Microbial respiration during decomposition releases carbon dioxide (or methane in some conditions) and any nutrients surplus to the biota’s needs are released (mineralised) in inorganic forms for use by other microbes and plants. However, soils are generally nutrient-poor environments so as the decomposition process occurs and the organic materials age in the soil, there is generally more carbon (C) released as CO2 than there are surplus nutrients released. For example, fungi need a C:N ratio of ~8:1 (8 C atoms for every N atom) available to grow more hyphal threads, but can digest poor quality crop residue with C:N ratios up to ~100:1. As a result, surplus C is respired while the N is conserved, and the soil organic materials become increasingly nutrient rich as it ages. This enrichment of nutrients in humus and more recalcitrant/charcoal-like materials occurs especially with N and sulphur (S). The humus that eventually forms from decomposition of, say, cereal straw will have C:N ratios of approximately 12:1, rather than the 100:1 in its original form. The lower the C:N ratio of the material being decomposed (i.e., humus versus fresh cereal straw) the more likely there is to be net release of mineral N. After so many cycles of digestion and excretion, these humic materials are less readily decomposed than the initial plant residues, but the nutrients they contain ensure that they remain a valuable source of nutrients contributing to soil fertility.
Figure 1. Forms of soil organic matter and carbon and their indicative ‘half-life’ in the soil, which also indicates how long the next decomposition stage takes to form.
Benefits of soil organic matter
While SOM contains ~60% organic carbon, it is the decomposition of organic matter with its associated materials that drives most physical, chemical, and biological soil processes, supplying a range of nutrients needed by both plants and soil biota. Organic matter helps major soil functions:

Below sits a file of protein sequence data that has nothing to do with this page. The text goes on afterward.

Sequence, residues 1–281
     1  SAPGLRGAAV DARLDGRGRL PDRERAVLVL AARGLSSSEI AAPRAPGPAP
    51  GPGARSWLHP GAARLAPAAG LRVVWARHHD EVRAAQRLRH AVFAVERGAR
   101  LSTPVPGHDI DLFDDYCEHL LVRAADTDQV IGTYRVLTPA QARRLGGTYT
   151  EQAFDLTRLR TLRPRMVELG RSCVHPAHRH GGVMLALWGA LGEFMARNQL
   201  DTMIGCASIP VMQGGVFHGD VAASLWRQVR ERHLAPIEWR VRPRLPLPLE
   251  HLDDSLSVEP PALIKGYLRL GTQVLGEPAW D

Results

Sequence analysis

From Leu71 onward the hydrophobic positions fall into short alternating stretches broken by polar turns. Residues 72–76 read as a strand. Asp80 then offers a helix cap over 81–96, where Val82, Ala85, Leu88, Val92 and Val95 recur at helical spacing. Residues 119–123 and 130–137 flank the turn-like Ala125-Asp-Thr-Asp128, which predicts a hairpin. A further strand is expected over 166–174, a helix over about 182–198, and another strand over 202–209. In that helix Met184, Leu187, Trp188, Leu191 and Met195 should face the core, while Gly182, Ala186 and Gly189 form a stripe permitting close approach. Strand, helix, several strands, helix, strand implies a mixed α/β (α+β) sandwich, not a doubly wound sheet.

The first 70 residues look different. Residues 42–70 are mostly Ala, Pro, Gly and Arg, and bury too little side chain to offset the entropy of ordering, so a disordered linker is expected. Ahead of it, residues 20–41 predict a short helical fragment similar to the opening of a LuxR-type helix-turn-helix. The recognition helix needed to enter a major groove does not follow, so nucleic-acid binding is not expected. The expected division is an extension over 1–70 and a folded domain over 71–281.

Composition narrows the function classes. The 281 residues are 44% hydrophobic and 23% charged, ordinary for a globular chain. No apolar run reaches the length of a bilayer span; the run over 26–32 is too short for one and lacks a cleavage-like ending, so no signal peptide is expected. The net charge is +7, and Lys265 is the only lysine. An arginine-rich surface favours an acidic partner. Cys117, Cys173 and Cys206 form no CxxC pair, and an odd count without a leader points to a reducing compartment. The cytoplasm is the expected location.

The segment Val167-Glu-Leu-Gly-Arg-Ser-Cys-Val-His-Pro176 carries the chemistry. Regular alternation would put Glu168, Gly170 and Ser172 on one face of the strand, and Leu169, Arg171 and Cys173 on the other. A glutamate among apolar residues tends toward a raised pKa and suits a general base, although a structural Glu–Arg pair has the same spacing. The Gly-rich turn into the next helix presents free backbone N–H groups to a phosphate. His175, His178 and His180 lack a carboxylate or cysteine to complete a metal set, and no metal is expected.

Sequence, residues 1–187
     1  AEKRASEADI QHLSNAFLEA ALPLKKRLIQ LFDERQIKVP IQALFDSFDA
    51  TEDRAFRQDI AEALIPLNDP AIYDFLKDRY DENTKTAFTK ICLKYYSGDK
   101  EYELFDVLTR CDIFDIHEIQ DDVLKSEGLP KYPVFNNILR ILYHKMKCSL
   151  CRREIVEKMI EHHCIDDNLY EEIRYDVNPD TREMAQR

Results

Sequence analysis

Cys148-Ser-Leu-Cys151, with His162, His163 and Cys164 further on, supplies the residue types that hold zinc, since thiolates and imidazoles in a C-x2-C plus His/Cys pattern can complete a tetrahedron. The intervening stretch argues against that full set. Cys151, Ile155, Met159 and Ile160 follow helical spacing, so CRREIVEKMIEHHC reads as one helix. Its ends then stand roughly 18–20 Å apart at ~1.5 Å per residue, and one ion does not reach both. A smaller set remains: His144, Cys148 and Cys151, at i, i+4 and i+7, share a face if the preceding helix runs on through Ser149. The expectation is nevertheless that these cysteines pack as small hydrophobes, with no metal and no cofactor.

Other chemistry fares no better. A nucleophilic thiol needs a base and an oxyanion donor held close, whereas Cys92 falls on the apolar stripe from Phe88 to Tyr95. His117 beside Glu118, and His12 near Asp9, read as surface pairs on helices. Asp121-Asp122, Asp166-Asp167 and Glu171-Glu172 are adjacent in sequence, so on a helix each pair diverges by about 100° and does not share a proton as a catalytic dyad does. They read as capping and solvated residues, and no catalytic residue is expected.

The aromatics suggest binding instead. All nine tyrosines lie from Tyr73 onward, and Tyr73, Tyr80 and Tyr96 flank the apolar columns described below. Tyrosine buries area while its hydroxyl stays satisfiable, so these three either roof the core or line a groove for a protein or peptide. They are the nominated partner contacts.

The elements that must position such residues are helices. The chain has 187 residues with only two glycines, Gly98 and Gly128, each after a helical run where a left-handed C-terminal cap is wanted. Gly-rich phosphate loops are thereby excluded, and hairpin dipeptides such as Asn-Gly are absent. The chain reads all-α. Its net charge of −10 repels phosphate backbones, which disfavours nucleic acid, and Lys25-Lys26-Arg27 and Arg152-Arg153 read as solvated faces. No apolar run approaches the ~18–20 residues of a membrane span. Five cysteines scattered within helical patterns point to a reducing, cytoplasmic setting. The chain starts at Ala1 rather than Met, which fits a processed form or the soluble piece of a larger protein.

(i) Physically with better structure, infiltration, and water holding capacity,
(ii) Chemically with better nutrient supplies and pH; and
(iii) Biologically by maintaining a food supply for microbes and the microbial activity that supplies available nutrients for plants and competes with pathogens.
However, the impact of these functions varies with different soils and the types, or fractions, of SOC that we measure (Figure 2). The width of the lines represents the impact of soil carbon on that function, and the colour represents the fraction of the carbon that provides that function in the soil. For example, the relative contribution of organic matter/carbon to cation exchange capacity (CEC) and water holding capacity is large on sandy soils but small on heavy clays that already have high CECs and water holding capacities. Similarly, the bulk of nutrients come from the humus fraction, while the particulate fraction provides much of the energy for microbial activity.
Figure 2. The impact of soil organic carbon fractions and clay content on soil function (Hoyle et al. 2006).
What is soil organic matter really worth to grain producers?
The direct economic value is hard to quantify for many of the soil functions that organic matter supports. Yet, it’s clearly higher than the value of soil carbon alone; 1 tonne of SOC is associated with ~100 kg organic nitrogen, so when the SOC levels in the 0-10cm layer of a brigalow/belah soil decline by 1% (10-13t/ha), it means up to $1500/ha of nitrogen has been released for crops to grow on and which is no longer present in that soil. For all nutrients, including phosphorus and sulphur, this figure may be as high as $2000/ha.
These nutrients may not have been wasted as the decomposing natural organic matter reserves enabled cropping for 30+ years with little or no fertiliser. However, fertiliser use is now increasing as the supply of nitrogen and other nutrients from SOM decline, and the soils’ reserves of mineral nutrients such as phosphorus and potassium are also depleted. Profitability of production will clearly change as we need to replace more nutrients in older cropping soils.